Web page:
analysis of the primary endpoint data revealed an uneven distribution in primary unassisted patency loss events due to central stenosis, which occur remote from the site of an AVF.
Central stenoses commonly exist prior to AVF placement and are unmasked following placement of brachiocephalic AVFs, which have higher blood flow than radiocephalic AVFs. These stenoses are unrelated
to treatment with PRT-201. To correct for this uneven distribution, we conducted a non-prespecified analysis of the primary endpoint that excluded patency loss events due to central stenoses. In that
analysis, the risk of primary unassisted patency loss was reduced by 31% for the 10 microgram dose group and by 48% for the 30 microgram dose group versus placebo. The comparison of the 30
microgram dose versus placebo was significant from a statistical point of view.
benefit of PRT-201 on primary unassisted patency was most pronounced in the subset of patients undergoing placement of a radiocephalic AVF. Recent publications indicate that
radiocephalic AVFs suffer from higher rates of patency loss and maturation failure, with up to 70% of AVFs in the wrist being subject to patency loss within 12 months after their surgical
placement. The subset analysis of this endpoint was not prespecified. The risk of primary unassisted patency loss was reduced by 41% for the 10 microgram dose group and by 63% for the 30 microgram
dose group versus placebo. Median
patency was 125 days in the placebo group and 377 days in the 30 microgram group (in some cases the 12 month follow up occured after day 365 due to patient schedules), indicating
an improvement in primary unassisted patency that was significant from a statistical point of view.
In one of our prespecified secondary endpoints, unassisted maturation, which is defined as adequate vessel diameter and blood flow
without the need for an intervention such as angioplasty, PRT-201 showed a significant benefit from a statistical point of view at three months in the 30 microgram dose using the two commonly accepted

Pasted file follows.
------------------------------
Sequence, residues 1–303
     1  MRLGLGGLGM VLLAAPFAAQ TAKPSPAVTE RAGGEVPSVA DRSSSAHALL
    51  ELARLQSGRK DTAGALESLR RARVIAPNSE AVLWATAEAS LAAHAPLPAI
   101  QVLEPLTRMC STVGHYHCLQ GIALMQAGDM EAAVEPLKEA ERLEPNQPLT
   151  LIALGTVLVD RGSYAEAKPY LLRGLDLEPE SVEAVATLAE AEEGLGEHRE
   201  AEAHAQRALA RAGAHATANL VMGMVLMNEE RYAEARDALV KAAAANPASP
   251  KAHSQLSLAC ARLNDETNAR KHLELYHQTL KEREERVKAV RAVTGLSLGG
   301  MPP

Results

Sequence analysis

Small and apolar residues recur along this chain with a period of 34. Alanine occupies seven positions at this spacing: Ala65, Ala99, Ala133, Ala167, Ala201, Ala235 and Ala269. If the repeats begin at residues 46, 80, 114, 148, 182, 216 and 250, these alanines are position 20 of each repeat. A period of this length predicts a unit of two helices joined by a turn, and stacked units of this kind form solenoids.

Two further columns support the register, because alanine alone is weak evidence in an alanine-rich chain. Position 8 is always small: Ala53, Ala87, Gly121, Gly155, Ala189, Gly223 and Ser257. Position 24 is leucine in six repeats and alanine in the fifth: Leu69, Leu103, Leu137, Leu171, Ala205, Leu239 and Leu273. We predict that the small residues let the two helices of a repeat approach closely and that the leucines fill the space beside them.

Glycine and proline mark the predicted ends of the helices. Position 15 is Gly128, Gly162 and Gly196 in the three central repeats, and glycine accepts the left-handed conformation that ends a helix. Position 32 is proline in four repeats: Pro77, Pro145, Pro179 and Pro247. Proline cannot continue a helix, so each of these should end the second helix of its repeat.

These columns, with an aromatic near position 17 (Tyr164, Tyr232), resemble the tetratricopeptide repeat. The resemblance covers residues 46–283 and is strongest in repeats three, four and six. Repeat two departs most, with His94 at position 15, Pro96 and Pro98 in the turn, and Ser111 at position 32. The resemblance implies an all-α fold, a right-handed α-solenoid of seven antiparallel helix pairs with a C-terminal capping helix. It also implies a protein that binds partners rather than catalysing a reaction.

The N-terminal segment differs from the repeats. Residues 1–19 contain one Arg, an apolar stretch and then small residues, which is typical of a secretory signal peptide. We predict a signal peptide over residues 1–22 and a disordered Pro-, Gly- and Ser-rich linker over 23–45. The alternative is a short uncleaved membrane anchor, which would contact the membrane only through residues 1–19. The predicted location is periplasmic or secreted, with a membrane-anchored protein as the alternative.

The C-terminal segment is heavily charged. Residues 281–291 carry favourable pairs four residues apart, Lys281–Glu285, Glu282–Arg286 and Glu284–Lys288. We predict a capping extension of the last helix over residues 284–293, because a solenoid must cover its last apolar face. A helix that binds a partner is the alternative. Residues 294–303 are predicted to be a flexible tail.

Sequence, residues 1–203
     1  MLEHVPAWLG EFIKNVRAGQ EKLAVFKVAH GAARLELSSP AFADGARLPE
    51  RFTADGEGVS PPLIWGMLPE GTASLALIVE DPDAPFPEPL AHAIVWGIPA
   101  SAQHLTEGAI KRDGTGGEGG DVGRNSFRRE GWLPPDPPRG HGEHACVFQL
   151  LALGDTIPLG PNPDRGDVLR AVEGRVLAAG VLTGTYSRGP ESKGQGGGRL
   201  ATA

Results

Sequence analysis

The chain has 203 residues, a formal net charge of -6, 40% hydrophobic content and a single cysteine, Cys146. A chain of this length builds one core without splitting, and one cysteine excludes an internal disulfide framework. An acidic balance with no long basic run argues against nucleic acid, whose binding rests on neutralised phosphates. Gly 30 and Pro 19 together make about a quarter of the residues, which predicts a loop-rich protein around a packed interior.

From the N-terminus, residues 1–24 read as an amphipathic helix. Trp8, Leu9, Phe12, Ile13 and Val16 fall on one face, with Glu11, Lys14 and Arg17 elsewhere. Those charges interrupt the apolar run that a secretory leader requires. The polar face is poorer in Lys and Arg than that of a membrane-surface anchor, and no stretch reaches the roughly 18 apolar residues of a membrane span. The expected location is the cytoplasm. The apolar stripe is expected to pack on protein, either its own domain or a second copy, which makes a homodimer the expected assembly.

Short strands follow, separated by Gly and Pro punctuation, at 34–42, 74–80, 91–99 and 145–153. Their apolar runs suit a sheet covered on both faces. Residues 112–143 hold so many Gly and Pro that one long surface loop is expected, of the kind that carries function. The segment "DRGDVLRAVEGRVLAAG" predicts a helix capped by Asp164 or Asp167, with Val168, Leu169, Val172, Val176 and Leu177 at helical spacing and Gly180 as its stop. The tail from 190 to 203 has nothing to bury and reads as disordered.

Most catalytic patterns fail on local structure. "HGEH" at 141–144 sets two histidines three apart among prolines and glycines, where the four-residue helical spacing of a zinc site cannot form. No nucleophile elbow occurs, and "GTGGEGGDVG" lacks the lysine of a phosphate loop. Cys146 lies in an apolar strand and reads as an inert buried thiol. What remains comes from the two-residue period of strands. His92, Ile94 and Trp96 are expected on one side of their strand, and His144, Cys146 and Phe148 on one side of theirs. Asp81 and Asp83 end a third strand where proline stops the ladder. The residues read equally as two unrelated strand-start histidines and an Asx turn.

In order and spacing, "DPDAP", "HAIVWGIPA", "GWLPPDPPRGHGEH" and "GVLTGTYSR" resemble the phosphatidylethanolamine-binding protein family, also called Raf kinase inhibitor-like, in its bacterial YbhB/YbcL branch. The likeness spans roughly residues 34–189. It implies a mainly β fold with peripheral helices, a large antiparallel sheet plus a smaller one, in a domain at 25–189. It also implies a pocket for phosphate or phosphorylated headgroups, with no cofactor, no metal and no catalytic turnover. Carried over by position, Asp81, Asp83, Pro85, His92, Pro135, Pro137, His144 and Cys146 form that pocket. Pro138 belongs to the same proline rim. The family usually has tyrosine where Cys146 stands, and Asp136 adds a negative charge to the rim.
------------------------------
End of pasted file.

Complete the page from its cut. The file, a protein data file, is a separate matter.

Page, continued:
measures of maturation, namely, the Robbin criteria and the Kidney Disease Outcomes Quality Initiative, or KDOQI, criteria.
effect of PRT-201 on maturation was more pronounced in the subset of patients who underwent creation of a radiocephalic AVF. For the 30 microgram dose of PRT-201, unassisted
maturation of the radiocephalic AVFs, a prespecified analysis, showed an increase in the percentage of patients with mature AVFs compared with placebo using the Robbin criteria (93% versus 47%) which
is significant from a statistical point of view and a trend toward improvement using the KDOQI criteria (57% versus 24%).
In the trial, patients treated with PRT-201 reported adverse events comparable to placebo. These events were consistent with the
medical events experienced by chronic kidney disease patients undergoing AVF placement surgery. The most common adverse events were AVF incision pain, venous stenosis, AVF thrombosis, steal syndrome
and hypoesthesia. Serious adverse events, or SAEs, reported by the investigator as possibly drug-related occurred in two 10 microgram PRT-201 patients, both AVF thrombosis, and two 30 microgram
patients (one chest pain and one swelling at the surgical incision). There were no SAEs reported by the investigator as possibly drug-related in the placebo group. There was one SAE reported by the
investigator to be drug-related in the 10 microgram PRT-201 group, AVF maturation failure, and there were none in the other treatment groups.
In April 2013, we held an end of Phase 2 meeting with the FDA during which we confirmed elements of our Phase 3
development plan, including the primary endpoint. We plan to perform two Phase 3 trials of PRT-201 using a 30 microgram dose, enrolling patients undergoing surgical placement of a radiocephalic
AVF. In our Phase 2 trial, PRT-201 showed the greatest benefit in radiocephalic AVFs.